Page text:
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Monday, September 24, 2012

Agriculturists Police Themselves

The agricultural community is capable of policing themselves and taking care of issues as they arise. My father and brother, Gary and Travis Theurer, have both been involved with a local animal cruelty case close to home. This past year, the Midwest has seen some of the worst drought conditions people have faced since the Great Depression in the 1930’s. This has resulted in drastic management changes by animal caretakers in order to keep the health status high of all the animals. On our farm and ranch, the drought has resulted in selling off some of our cows to have enough grass and forage available to feed all the cows in the summer, extra supplementation in the form of hay bales, lick tanks, and range cubes, and has also resulted in consistent monitoring of water situation to ensure all cattle had access to high quality water. However in this isolated incident, one particular cattle producer did not take the proper steps.
My father was contacted by the local sheriff department to see if he would be willing to help capture the animals and bring them home and care for them. Dad immediately wanted to help because he was informed of the condition of the animals and wanted to do anything he could to nurse them back to health. My dad and brother drove up to this ranchers’ place and gathered all the cattle and hauled them home. Both my dad’s and brother’s responses were, “These are the thinnest cattle I have ever seen. I’m surprised they even have enough energy to walk. These cows need a lot of care to help them along.” At home, the cattle were fed a forage diet. We were initially worried to start the cows on a high quality grain diet because the cows have not seen enough feed and would over-eat any grain product placed in front of them resulting in metabolic acidosis causing more harm to the animal rather than good. We developed a gradual step-up ration diet that would initially meet the minimal cattle nutrition requirements needed and then increased in order to add weight to the cows to get them back towards adequate conditions. We went to gather the cows the first part of July and they have currently added approximately 300 pounds due to the water and nutrition supply my family has been able to provide to these animals. I saw these animals a few weeks after they arrived at home when I was down visiting for the weekend and I saw them again a couple weeks ago. The progress they have made has been remarkable just do to some management practices. Video of the cows and news report of the animal cruelty case can be found here:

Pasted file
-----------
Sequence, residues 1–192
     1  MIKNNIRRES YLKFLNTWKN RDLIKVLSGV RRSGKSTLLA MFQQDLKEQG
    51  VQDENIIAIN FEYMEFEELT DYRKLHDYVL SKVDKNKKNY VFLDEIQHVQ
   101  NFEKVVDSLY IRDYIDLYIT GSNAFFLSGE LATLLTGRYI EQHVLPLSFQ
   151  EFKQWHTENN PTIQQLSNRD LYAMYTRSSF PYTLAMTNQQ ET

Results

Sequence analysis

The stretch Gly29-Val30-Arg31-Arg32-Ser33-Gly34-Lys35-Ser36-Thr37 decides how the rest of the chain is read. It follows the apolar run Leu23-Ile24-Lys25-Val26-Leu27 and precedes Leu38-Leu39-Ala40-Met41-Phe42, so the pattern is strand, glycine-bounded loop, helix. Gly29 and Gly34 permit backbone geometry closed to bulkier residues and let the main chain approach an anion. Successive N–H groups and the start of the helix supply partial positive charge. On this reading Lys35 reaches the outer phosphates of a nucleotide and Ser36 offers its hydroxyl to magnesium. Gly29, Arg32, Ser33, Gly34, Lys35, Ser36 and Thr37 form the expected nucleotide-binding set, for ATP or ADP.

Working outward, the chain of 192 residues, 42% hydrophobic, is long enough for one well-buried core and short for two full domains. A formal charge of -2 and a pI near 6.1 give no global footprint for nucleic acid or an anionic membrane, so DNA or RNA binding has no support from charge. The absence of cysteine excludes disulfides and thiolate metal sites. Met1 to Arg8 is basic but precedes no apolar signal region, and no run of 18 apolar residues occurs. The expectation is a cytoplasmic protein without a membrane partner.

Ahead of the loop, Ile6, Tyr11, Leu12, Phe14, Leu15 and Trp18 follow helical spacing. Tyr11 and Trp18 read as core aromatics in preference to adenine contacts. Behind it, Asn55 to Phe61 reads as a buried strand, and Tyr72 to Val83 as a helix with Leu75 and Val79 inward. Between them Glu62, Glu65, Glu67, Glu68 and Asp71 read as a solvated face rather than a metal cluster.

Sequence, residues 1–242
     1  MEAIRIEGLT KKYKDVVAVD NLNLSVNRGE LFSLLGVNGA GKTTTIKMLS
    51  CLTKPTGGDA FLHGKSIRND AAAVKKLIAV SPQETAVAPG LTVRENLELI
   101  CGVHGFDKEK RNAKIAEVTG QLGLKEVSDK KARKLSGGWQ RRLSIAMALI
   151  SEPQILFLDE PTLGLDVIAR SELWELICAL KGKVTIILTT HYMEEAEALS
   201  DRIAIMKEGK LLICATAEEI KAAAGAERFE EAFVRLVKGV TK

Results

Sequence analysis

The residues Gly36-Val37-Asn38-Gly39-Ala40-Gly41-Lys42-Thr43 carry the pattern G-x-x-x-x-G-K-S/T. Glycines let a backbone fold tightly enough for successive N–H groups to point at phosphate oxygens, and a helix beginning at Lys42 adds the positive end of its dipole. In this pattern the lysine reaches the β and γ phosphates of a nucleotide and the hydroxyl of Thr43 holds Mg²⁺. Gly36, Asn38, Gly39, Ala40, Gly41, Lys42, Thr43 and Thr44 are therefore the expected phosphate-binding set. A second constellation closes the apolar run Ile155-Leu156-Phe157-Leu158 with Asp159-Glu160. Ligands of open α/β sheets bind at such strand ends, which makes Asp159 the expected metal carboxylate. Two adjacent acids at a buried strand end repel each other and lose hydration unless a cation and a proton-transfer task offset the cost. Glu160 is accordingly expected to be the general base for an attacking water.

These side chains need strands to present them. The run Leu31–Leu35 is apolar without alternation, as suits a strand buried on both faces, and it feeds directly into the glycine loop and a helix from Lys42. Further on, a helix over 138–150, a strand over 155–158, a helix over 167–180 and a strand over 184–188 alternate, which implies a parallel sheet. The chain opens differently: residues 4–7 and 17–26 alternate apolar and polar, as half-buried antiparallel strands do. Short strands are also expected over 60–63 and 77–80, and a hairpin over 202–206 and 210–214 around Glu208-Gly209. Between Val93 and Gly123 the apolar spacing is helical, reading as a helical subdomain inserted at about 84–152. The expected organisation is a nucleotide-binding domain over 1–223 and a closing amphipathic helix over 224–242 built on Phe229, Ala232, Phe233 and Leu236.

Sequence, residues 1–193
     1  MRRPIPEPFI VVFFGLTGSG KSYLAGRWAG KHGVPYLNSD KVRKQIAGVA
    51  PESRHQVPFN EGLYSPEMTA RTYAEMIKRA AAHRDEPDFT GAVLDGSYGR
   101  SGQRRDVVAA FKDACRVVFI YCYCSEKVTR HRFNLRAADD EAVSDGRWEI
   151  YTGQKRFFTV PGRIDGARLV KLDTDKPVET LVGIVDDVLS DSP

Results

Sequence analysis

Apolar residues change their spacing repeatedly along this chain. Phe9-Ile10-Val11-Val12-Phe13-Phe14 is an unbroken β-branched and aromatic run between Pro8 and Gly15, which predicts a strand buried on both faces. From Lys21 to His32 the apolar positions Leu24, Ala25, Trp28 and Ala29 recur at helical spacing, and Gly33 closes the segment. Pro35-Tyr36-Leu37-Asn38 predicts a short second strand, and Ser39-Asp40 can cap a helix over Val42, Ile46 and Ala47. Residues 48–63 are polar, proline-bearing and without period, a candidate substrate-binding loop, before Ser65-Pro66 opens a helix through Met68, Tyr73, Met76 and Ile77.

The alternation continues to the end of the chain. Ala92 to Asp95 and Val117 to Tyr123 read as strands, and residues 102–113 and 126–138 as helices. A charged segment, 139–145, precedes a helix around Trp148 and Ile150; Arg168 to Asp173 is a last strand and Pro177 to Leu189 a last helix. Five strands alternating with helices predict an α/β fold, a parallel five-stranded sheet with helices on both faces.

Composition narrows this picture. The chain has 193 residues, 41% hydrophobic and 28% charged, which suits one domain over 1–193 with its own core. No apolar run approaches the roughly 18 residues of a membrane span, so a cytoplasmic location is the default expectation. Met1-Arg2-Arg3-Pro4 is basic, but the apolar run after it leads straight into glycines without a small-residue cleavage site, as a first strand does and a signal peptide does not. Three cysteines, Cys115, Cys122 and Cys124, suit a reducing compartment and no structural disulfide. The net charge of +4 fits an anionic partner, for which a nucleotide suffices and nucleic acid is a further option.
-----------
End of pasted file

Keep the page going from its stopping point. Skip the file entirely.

The reason why I chose to write this for a Food For Thought blog was just to show the ability of production agriculturists to not only care about their own animals but all of the livestock sector. The drive and passion people can have is outstanding in agriculture sector. While it was a sad and isolated event that animals suffered, people directly involved with production agriculture stepped in and tried to fix the problem the best way they could.

Until next time,

Miles Theurer

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